The ultimate guide to Google Analytics 4

You must have noticed that Google Analytics 4 —or GA4—has been the talk of the town recently—unless you’ve been disconnected from this.

 

Most marketers are excited about this new era of analytics since GA4 unlocks and gives more analytics capabilities. With, for example, probabilistic matching and event-based tracking.

 

There’s also fear of losing all historical data when Google sunsets Universal Analytics.

 

In this read, we’ll cover everything you need to know about GA4, including:

 

What is GA4?

Why should you move to GA4?

What should you know before moving to GA4?

 

Even if you know the basics of GA4 migration, we assure you the move will be smooth sailing with us throughout your read. With that in mind, let’s dive in!

 

What is Google Analytics 4?

Google Analytics 4 is the latest and updated version of Universal Analytics. 

For decades marketers have been using Universal Analytics to collect, track, and analyze visitor behaviour on their websites. But with advancement going at its peak, consumers have expanded their shopping experience to mobile or Apps. In addition to that they want their data to be safe and in control.

As a result, it was becoming challenging for marketers to track the conversions, hence GA4 was born to answer this change.

GA4 has all the tried-and-true features in Universal Analytics, and it also has some added (new) features powered by big data and machine learning that help marketers to get insights about customer journeys across platforms and devices.

 

Why you should move to GA4 right now?

Firstly, if analytics is of your concern, you’ll want to jump on the G4 current trend and understand as soon as possible and explore different ways to analyze your data. 

Since Universal Analytics is going away in the next two months i.e., July 2023, you don’t have much time to learn, adapt and improve your GA4 experience before the next big move.

Secondly, Google will stop processing new sessions very soon in Universal Analytics. 

By setting up your properties in GA4 as soon as possible, you can begin accumulating historical data and gaining valuable insights into your website's performance. 

Plus, there's no need to worry about a blackout period during the transition, as you can continue to use both GA4 and your current analytical data in Universal Analytics, simultaneously until the transition is complete.

But before making the move. Let’s look at the updates or features you will be getting in GA4. 

 

The Ultimate Checklist before shifting to GA4. 

  • All-in-one app and web tracking. Your all data automatically from your websites and properties will get automatically pulled from GA4. This means you no longer have to create a separate setup for your website and mobile app.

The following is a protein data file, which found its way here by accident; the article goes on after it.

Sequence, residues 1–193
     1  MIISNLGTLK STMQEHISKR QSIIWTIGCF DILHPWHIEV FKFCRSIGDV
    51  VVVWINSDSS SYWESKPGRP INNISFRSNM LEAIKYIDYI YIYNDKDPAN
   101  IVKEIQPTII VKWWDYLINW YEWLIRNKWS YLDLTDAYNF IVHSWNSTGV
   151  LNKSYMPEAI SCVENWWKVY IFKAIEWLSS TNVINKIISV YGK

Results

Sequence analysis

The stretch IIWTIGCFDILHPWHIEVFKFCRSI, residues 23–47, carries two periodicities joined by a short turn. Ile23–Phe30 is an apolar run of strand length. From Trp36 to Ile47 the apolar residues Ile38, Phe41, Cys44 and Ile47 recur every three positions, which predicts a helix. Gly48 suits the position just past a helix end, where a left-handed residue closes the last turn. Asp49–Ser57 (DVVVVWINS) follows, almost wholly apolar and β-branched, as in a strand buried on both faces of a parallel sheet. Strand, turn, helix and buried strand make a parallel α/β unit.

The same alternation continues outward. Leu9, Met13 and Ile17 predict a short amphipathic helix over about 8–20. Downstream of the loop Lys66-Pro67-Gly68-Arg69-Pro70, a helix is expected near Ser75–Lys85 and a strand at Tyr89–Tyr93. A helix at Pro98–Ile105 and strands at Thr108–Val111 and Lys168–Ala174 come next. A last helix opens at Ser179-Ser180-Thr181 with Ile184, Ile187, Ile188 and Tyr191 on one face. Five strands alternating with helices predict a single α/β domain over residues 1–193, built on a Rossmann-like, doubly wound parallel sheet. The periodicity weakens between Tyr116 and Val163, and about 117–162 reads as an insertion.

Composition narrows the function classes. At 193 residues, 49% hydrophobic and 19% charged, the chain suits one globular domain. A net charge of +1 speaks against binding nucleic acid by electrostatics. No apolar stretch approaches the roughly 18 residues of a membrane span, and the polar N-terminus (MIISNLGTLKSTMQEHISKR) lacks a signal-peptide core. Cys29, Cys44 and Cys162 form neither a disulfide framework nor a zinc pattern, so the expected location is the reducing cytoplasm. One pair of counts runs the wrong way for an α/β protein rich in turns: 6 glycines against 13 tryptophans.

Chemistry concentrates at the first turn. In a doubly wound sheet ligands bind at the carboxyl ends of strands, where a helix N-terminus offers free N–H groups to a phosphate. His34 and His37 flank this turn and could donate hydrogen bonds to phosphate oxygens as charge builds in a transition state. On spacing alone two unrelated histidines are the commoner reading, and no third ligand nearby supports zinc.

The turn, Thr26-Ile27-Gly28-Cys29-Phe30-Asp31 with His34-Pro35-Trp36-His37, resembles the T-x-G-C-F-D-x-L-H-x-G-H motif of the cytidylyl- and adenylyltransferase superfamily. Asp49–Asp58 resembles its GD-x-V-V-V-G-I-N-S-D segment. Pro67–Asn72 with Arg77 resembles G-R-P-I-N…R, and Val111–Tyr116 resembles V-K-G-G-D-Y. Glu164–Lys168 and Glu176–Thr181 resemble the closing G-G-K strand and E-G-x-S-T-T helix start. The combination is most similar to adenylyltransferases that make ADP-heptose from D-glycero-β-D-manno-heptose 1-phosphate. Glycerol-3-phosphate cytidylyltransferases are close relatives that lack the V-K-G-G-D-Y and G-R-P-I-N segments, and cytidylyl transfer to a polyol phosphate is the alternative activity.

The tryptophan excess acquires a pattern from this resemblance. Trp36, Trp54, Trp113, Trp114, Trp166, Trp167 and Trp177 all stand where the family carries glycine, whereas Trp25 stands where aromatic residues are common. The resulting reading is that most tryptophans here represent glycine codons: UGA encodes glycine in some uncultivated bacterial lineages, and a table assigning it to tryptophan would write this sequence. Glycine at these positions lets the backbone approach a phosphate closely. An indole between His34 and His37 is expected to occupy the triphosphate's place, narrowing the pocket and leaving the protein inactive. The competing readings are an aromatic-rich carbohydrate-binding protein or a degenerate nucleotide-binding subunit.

• Engagement rate will replace bounce rate. Instead of bounce rate, there will be ‘engagement rate’, a new metric for measuring visitor engagement. 
  • Sessions will be tracked differently. It's important to note that GA4 tracks sessions differently from Universal Analytics. 

Unlike its predecessor, GA4 doesn't create a new session when the campaign source changes mid-session. This means that your session counts in GA4 may appear lower compared to Universal Analytics.

 

  • Average session length. GA4 has a different data model than Universal Analytics, which can result in a discrepancy in the reported average session length. 

Rather than trying to compare and reconcile the two, we recommend focusing on the data provided by GA4 and reporting based on those results. 

This will ensure that you're working with accurate and consistent data, allowing you to make more informed decisions about your website's performance and user behavior.

 

  • Average pages per session aren’t available in GA4. But if you would like to track this data, you can still do so by pulling your GA4 data into a spreadsheet and creating a custom metric using views and sessions. And how will you proceed? Simply divide your total views by the total number of sessions to calculate your average pages per session. While it may require a bit of extra work, tracking this metric can provide valuable insights into how users are interacting with your website and help you make informed decisions about user experience. 

 

  • Data retention. It’s important for you to know that in GA4, your data will expire after 14 months. If you don’t want to lose the opportunity on historical data, you’ll keep a record and smart management with Complete Reporting and Visualization of it. Our expertise can help you to maintain your GA4 data so you have complete track of all the historical data. 

 

So how can GA4 help you?

The future of GA4 is promising, GA4 is designed to provide a more comprehensive and holistic view of user behaviour across devices and platforms, which will allow you to gain deeper insights into your audience and improve your marketing efforts.

In addition, GA4 offers more robust privacy controls and data collection practices, which will help you to comply with evolving data privacy regulations. 

In brief, as the digital landscape continues to evolve, GA4 will play an increasingly important role in helping businesses like yours to understand and engage with your audience, and we can expect to see continued investment and innovation in the platform in the years to come.

 

 

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